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Re-enactors descend upon Jumonville


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Judy Kroeger/Daily Courier

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By Judy Kroeger
Saturday, May 29, 2004

HOPWOOD -- Fog shrouds trees, birds greet the new day and a single sentry patrols the French camp. Thirty-three men, under the command of Ensign Joseph Coulon de Jumonville sleep under wool blankets or sit by a small fire, lighting cheroots and starting breakfast.

Suddenly a shout in French, "To arms! To arms!"

Gunshots shatter the air above the Frenchmen.

Birds stop singing; men rise from their blankets and some fall again, struck by British bullets.

British Army Lt. Col. George Washington and 40 of his men joined Mingo (Seneca) Chief Tanacharison, known as Half King, and several other Mingoes in a dawn attack. The British and the Mingoes flank the French on two sides, firing down on the camp.

Rain the night before the battle has left some powder wet, and rifles often misfire during the 15-minute battle.

Half King fells Jumonville with his hatchet, crying out in French, "You are not yet dead, my father!" as he sinks the blade into the Ensign's body.

Nine other Frenchmen die; one escapes; the rest become Washington's prisoners.

On May 28, 1754, the first men died in the French and Indian War; exactly 250 years later, a group of re-enactors bring the ghosts of that battle to vivid life at the Green Cathedral of Jumonville Christian Camp and Retreat Center.

"It was a very profound experience," says Greg Henning of Edinboro, who portrayed Jumonville as part of the Compagnie Le Boeuf, Jumonville's company. "This is where it happened. The whole French garrison (at Fort Duquesne) took it personally. Jumonville knew the English were very close the night before the attack. Jumonville was almost a martyr. Washington later signed a document showing he murdered a French officer."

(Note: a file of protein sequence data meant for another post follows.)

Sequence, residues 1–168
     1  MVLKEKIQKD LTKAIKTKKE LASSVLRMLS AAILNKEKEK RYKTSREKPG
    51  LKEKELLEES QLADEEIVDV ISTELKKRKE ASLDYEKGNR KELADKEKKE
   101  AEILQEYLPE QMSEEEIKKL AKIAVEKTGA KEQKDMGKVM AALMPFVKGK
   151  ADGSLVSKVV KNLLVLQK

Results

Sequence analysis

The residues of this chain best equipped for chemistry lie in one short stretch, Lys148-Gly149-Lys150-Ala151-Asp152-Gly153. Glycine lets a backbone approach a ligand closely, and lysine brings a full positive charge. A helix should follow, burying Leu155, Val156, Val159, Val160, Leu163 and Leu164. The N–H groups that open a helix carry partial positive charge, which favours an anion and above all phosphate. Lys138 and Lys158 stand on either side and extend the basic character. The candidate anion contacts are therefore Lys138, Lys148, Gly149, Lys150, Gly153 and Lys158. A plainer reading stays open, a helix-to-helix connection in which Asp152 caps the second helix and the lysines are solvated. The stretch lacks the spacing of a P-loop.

Half King actually murdered the Ensign. Tom Vecchio of Shaler portrayed him in the re-enactment. "What he did started the war. He and Washington had known each other for about a year," he said. "Today was very significant. I was extremely honored to be asked to participate." Half King died of illness before the end of the French and Indian War.

"I don't think of the battle as an ambush," says Bryan Cunning of Washington, who portrayed Lt. Col. Washington. "They were French and had made threatening movements in the area. Our mission was to meet the threat."

Cunning has also played the commander in the films "When The Forest Ran Red" and "Washington's First War" and posed as Washington in historical paintings by John Buxton and Andy Kenez. He is a member of the First Virginia Company; Trent's Company of Canonsburg also participated in Friday's re-enactment.

The Braddock Road Preservation Association sponsored the re-enactment, as part of a weekend of historical programs, and Paladin Communications filmed it for possible future release.

Robert Matzen of Bethel Park operated one of the cameras and found the experience "extremely intense. The most shocking element was how smoky it was. They had to fight a battle and the smoke was just hanging there. The number of misfires was also interesting. It would have been worse and cost a lot of guys their lives if the powder had been dry." Matzen found the authenticity of the battle "spooky."

Bruce Egli, vice president of the Braddock Road Preservation Association, put accounts of the attack together for the event; the re-enactors had not rehearsed.

The attack on the French camp is considered Washington's baptism of fire. It escalated the undeclared war. The 22-year-old officer will be defeated July 3 at Fort Necessity by nearly 700 French under the command of Jumonville's brother, Louis Coulon de Villiers, who witnessed Washington's signature on a French surrender document that includes the admission of assassinating Jumonville.

The French and Indian War will not be formally declared between Great Britain and France until May of 1756. The French wanted to control the Ohio Valley, with its access to rivers for transporting furs to Europe. The British wanted to expand their holdings in North America.

Despite early French victories, in 1759, the British captured Fort Ticonderoga, Fort Niagara and Crown Point in New York and the February 1763 Treaty of Paris gave all French possessions east of the Mississippi River, except New Orleans, to the British.

Judy Kroeger can be reached at jkroeger@tribweb.com or (724) 626-3538.

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